Like many great sandwiches, the French dip has a contentious history. Two rival Los Angeles restaurants, both of which opened in 1908, claim to have invented it. The folks who run Philippe the Original say that in 1918, Philippe Mathieu accidentally dropped a French-style roll into some hot pan juices while making a sandwich for a policeman on his lunch break. Officer French — yep, that was his name — liked it so much he came back the next day for an encore performance. If Philippe had had quicker reflexes, or if the cop had been fussier about how his sandwiches were put together, the French dip might never have been.

The owners of Cole’s P.E. Buffet dispute this. They say they were the ones who invented the French dip at the request of an old dentally challenged regular who wanted his sandwich roll dipped in pan juices to make it easier to eat. Cole’s says this happened a decade before Philippe dunked its first bun, but absent any concrete evidence — a photograph, say, of a toothless geezer gumming a French dip while holding a newspaper dated 1908 — we may never know.

Taxonomy: Wet Hot American Sandwiches

Some other super-soggy, hot-beef sandwich styles and where to find them.

Beef on Weck

Buffalo’s signature roast-beef sandwich is defined by its distinctive bread, the hard, round salt-and-caraway-seed roll called a kummelweck, and by the accompanying gob of horseradish. Get it at Buffalo’s Famous, an orange-Formica takeout joint in Prospect Park devoted to the foods of western New York (1111 Church Ave.).

Sheepshead Bay Standard-bearers

Sog shrine Brennan & Carr (3432 Nostrand Ave.) has been dunking roast-beef sandwiches in vats of broth like bonbons in chocolate since 1938. And neighbor Roll-N-Roaster (2901 Emmons Ave.) has been lightly moistening the insides of its soft round rolls in meat juice since 1970.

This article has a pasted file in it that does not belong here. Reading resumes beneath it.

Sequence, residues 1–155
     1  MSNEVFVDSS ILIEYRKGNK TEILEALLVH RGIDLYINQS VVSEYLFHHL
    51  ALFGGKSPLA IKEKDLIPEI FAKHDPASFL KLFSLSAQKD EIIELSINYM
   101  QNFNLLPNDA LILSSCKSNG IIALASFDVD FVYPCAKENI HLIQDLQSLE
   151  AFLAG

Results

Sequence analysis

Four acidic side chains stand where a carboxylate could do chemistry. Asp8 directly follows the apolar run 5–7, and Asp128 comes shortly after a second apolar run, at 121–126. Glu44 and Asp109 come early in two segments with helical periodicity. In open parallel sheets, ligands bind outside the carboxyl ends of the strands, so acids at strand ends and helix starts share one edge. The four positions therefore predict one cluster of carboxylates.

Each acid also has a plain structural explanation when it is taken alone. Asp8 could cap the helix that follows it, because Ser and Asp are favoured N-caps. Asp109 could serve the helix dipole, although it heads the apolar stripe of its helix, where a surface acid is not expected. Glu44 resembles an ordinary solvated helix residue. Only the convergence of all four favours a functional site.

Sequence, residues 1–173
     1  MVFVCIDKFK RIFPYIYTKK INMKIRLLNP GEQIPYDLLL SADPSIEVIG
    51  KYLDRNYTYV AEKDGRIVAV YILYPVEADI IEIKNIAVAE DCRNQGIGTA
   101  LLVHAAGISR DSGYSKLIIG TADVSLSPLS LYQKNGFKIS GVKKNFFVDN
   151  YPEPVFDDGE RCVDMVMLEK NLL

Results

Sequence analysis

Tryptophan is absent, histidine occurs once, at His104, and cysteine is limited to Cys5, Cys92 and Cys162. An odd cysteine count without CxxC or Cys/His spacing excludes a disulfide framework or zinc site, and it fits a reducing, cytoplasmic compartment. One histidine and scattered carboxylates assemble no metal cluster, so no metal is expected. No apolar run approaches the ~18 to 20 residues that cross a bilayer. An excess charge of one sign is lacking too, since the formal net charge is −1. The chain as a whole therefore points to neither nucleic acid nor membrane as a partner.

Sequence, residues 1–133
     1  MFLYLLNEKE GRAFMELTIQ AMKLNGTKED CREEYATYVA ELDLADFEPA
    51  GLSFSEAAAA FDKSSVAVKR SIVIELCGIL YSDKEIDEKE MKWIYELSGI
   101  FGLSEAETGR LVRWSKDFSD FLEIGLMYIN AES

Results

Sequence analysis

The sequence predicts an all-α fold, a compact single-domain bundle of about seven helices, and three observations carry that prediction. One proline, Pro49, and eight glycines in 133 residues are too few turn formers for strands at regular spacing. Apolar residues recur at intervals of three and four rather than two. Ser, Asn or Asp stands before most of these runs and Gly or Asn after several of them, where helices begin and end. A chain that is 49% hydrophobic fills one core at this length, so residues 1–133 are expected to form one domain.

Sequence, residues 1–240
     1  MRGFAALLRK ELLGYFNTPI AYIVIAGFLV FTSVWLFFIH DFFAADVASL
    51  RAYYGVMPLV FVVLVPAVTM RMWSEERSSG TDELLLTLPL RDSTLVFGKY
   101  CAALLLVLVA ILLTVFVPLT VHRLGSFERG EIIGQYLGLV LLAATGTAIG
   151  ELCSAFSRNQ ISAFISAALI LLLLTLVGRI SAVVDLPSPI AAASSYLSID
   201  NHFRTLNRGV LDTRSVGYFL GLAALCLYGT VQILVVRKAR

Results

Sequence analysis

Hot Italian Beef, Chicago Style

A comer hereabouts, served on a long Italian roll with the essential, spicy pickled-veg condiment called giardiniera. At Al’s in Chicago, after they drown the meat in gravy and assemble the sandwich, they take the whole thing back to the gravy tank for a final dunk. Emmett’s (50 Macdougal St.) and Hank’s Juicy Beef (84 Chambers St.) abstain from this baptism. And at Bodega, Dale Talde’s 24-hour snack shop in the lobby of the Arlo Nomad hotel (11 E. 31st St.), the sandwich comes with melted provolone, giardiniera, and a cup of dipping jus on the side.

Hot Italian Beef, Tri-state Style

The New York and New Jersey way to eat a hot beef hero is with slabs of fresh mozzarella and streams of dark, viscous gravy (don’t even think about calling it jus) on long rolls. Fiore’s is the ne plus ultra of roast beef, mutz, and gravy sandwich achievement in Hoboken (414 Adams St.), and over in Kings County, it’s a toss-up between Defonte’s (379 Columbia St., Red Hook) and John’s Deli (2033 Stillwell Ave., Gravesend), where you can get extra gravy by the Styrofoam cup.

*A version of this article appears in the January 23, 2017, issue of New York Magazine.

Why Chefs Can’t Resist Reviving the French Dip